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Gershgorin discs
Showing how the Gershgorin discs coincide with the spectrum for a diagonal matrix. In the first image is the original matrix as the scaling factor p=1 and, in the following images the off-diagonal elements are scaled away by decreasing p. Hence, the diagonal elements approaches the eigenvalues and the Gerschgorin discs decreases in radius and disappears. Bold circles represents eigenvalues and pluses are midpoints of the circles.

from pylab import *
import scipy.linalg as sl
import matplotlib.pyplot as plt

A = array([[5,0,0,-1] ,[1,0,-3,1] ,[-1.5,1,-2,1] ,[-1,5,3,-3]])
pval = np.arange(0, 1.1, 0.1)
k = len(A)
i = 0

def scaled(A,p):
	A = (p*(ones((4,4)) -eye(4)) +eye(4))*A
	return A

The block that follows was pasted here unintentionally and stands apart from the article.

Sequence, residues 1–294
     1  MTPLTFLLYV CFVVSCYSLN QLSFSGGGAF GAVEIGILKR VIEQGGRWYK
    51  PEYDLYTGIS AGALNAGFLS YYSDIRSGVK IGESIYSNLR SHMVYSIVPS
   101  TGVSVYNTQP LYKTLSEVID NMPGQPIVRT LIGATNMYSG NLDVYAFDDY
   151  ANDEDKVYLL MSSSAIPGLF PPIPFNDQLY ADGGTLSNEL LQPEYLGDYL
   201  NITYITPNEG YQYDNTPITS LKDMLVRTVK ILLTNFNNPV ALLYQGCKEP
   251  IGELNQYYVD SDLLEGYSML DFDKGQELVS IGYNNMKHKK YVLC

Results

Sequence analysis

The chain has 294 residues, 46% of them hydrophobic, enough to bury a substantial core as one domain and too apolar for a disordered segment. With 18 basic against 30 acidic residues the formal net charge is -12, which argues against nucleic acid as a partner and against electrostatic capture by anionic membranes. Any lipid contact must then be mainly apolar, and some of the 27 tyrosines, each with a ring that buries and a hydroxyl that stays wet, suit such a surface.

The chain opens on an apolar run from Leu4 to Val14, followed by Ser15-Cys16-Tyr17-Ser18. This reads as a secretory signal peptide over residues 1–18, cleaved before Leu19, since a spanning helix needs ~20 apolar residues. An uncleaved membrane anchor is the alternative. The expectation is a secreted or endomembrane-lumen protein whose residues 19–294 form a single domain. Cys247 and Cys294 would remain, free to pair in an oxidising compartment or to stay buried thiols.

def gerschgorin(B):
	B = scaledA - diag(scaledA)*eye(k)
	radvec = zeros(k)
	for i in range(k):
		radvec[i] = sum(abs(B[i,:]))
	return radvec

for p in pval:
	scaledA = scaled(A,p)
	radius = gerschgorin(scaledA)
	fig,ax = plt.subplots()

	for i in range(k):
		circle = plt.Circle((A[i,i],0), radius[i], fill=False)

	z = sl.eig(scaledA)[0]
	plt.scatter(z.real, z.imag, marker="o", c="black")
	plt.scatter(diag(A), zeros(k), marker="+", c="black")
	plt.xlim(-7.5, 7.5)
	plt.title('Eigenvalues of scaled matrix p={0:.2f}'.format(round(p,2)))
	plt.xlabel('eigenvalue real part')
	plt.ylabel('eigenvalue imaginary part')
Gribouillis likes this post
Nice! You could add a slider widget in the plot to allow dynamic adjustment of p. There is a slider demo in the matplotlib documentation.

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